Q. How do I naturally eliminate grubs in my lawn?


Severe grub damage in a lawn appears as large, irregular sections of brown turf. Unlike a lawn damaged by drought or excessive fertilizer, grub-damaged turf peels away like a carpet because most of the roots are gone. Due to the grubs' life cycle, damage appears in late summer and early fall, when grubs are large and feeding near the surface. The open spaces created by these pests can be ugly, vulnerable to erosion, and invaded by weeds.

Grubs can cause considerable damage because they feed on root hairs, preventing plants from taking up adequate moisture. They are the larval stage of scarab beetles (such as Japanese beetles, Oriental beetles and European chafers). Because these beetles differ in life cycle and behavior, the treatment you choose should correspond to the species of grub in your lawn or garden. You can have your grubs identified at a local Cornell Cooperative Extension (CCE) office, or consult a guide such as U. Mass Amherst's. (Grubs are identified by differences between the "raster patterns" on the tail end of the grub.)

When treating for grubs, lawn health makes a difference. Vigorous, healthy turf will not show as much grub damage as thin, over-fertilized turf. Raising the mowing height to 3 1/2 to 4 inches will promote a deeper, more extensive grass root system. To alleviate compaction and increase the soil's organic matter content, core aerate the soil and apply composted cow manure from around Labor Day to early fall. Also, check the pH to be sure that levels do not fall below 6.0. or rise above 7.0. At low and high pH ranges, nutrient levels become less conducive to turf health. High-nitrogen fertilizer in spring is detrimental because it promotes shoot development without a good root system. Very damaged turf should be re-seeded with an improved seed type.

Evaluating the concentration of grubs in your soil can help you decide whether or not you need to treat these pests. Peel back a square foot of turf, count the number of c-shaped white grubs, and then replace the grass. Usually, a count of 8 or more grubs per square foot means you should take action.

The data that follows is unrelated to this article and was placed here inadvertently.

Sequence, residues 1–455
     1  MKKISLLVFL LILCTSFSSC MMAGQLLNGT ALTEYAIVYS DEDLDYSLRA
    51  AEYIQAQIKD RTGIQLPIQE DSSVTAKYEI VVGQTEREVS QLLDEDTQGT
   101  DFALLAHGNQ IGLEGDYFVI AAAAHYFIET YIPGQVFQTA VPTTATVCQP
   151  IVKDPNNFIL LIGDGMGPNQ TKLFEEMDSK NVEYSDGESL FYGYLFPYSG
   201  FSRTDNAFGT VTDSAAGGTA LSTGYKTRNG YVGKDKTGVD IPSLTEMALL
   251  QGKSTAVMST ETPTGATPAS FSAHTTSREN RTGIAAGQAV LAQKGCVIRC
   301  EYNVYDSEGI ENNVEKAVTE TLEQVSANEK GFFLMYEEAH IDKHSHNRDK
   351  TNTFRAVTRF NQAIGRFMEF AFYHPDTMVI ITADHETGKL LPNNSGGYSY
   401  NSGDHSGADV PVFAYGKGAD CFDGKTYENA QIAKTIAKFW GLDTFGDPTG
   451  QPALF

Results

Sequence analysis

Options for treating grubs include beneficial nematodes, imidacloprid (Merit), or trichlorfon (Dylox)--listed from least to most toxic.  In some areas, imidacloprid may only be used if applied by a certified pesticide applicator. Clothianidin (Arena) and thiamethoxam (Meridian) may also be available; check with your local cooperative extension office. Sample and treat when grubs are young and actively feeding close to the soil surface – mid-August to late September in upstate New York, early August to mid-September in the southeastern part of the state. If your lawn had a serious grub problem the previous year, preventive chemical treatment in spring or early summer may also be an option.

There are also many natural enemies of white grubs already in your soil, including ants and ground beetles. To preserve these natural predators, use spot treatments instead of blanket insecticide applications.

For detailed information on grub treatment and control options, see Cornell University's guidelines.


For tips on a variety of gardening topics, see our Plant Information Guides.
- Courtesy of NYBG Plant Information Service

  • Last Updated Apr 02, 2018
  • Views 63
  • Answered By Anita Finkle

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